Transcatheter valve-in-valve implantation with the Edwards SAPIEN in patients with bioprosthetic heart valve failure: the Milan experience

Azeem Latib, Alfonso Ielasi, Matteo Montorfano, Francesco Maisano, Alaide Chieffo, Micaela Cioni, Marco Mussardo, Letizia Bertoldi, Joanne Shannon, Francesco Sacco, Remo Daniel Covello, Filippo Figini, Cosmo Godino, Antonio Grimaldi, Pietro Spagnolo, Ottavio Alfieri, Antonio Colombo
EuroIntervention 2012, 7 (11): 1275-84

AIMS: Reoperation for bioprosthetic heart valve failure is associated with significant morbidity and mortality, particularly in high-risk patients. Transcatheter valve-in-valve (VIV) implantation may offer a less invasive alternative. The aim of this study was to report our initial experience with transcatheter VIV implantation to treat degenerated tissue valves.

METHODS AND RESULTS: VIV implantation with the Edwards SAPIEN transcatheter heart valve (THV; Edwards Lifesciences Inc, Irvine, CA, USA) was performed in 18 high-risk patients (STS 8.2±5.2%; logistic EuroSCORE 37.4±20.8%) with symptomatic bioprosthetic failure (17 aortic, one mitral). Valve Academic Research Consortium (VARC) definitions were applied for endpoint adjudication. Transfemoral access was the preferred vascular approach (16 patients, with the mitral VIV delivered anterogradely through the femoral vein; one transaxillary and one transapical). The majority (83%) of procedures were performed under local anaesthesia and sedation. Device success was achieved in all but one patient who had a final transaortic gradient ≥20mmHg. Acute kidney injury occurred in three patients (Stage 3 in 1), life-threatening or major bleeding in four patients, while major vascular complications occurred in one patient. Permanent pacemaker implantation was required in two patients. There were no deaths or neurological events at 30-day follow-up. At a median follow-up of 11 months (interquartile range 6-16), the mortality rate was 5.6% and all patients were in NYHA class II or lower.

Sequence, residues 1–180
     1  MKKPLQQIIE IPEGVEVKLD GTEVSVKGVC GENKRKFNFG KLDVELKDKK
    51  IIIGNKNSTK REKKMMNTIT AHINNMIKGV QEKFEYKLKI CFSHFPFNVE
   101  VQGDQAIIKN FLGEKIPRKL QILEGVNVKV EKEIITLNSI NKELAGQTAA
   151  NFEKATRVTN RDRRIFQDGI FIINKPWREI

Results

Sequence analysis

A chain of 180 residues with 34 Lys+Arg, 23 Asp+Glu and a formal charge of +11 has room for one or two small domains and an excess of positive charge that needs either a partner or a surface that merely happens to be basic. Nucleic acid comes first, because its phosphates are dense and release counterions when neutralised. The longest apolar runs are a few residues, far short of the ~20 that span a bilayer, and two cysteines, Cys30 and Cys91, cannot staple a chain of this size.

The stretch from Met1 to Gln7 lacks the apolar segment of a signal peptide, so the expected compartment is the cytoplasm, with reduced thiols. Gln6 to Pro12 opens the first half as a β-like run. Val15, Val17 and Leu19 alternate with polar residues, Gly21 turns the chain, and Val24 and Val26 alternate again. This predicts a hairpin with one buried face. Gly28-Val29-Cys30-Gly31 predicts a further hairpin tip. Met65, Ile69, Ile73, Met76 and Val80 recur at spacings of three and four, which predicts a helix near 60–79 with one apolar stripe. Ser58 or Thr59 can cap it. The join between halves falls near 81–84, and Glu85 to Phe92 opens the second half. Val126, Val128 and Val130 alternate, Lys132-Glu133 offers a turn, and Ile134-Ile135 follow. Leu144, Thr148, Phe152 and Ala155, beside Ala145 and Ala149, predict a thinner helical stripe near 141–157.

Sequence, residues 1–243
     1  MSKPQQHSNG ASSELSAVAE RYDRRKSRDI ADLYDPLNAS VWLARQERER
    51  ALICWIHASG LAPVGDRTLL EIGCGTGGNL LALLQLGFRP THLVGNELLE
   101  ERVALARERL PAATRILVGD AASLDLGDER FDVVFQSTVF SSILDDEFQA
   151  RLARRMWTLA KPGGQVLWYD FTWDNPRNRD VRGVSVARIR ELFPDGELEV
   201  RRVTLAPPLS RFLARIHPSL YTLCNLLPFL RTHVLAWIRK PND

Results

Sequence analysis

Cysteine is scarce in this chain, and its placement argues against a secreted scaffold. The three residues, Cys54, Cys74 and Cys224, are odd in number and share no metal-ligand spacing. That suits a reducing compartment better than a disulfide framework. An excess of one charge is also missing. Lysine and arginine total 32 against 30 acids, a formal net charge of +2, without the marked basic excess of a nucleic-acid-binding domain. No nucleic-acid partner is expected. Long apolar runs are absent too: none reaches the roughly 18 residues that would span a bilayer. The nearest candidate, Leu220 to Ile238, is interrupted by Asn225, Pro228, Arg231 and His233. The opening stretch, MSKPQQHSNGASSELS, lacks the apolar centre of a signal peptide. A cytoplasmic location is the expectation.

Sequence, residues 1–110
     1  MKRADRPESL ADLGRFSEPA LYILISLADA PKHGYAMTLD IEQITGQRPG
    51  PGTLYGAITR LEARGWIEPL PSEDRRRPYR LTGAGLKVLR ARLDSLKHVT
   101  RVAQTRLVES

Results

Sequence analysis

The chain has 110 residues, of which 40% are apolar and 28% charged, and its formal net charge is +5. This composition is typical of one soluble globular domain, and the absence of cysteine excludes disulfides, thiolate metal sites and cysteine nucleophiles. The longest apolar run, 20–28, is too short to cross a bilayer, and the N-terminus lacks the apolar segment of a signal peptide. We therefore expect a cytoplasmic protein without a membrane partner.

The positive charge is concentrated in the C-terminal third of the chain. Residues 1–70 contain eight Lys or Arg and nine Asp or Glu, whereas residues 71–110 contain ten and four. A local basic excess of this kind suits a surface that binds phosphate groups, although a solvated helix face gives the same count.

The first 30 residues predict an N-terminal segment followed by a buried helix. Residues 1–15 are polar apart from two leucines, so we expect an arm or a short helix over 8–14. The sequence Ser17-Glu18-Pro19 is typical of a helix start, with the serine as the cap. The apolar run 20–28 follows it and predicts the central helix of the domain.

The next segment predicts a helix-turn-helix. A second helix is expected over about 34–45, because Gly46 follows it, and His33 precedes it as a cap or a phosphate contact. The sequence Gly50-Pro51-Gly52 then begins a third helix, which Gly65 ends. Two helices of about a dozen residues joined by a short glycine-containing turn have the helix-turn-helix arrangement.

CONCLUSIONS: Transcatheter implantation of the Edwards THV within a degenerated aortic bioprosthesis, performed predominantly via the transfemoral route, is feasible and associated with good periprocedural and clinical outcomes in high-risk surgical patients.

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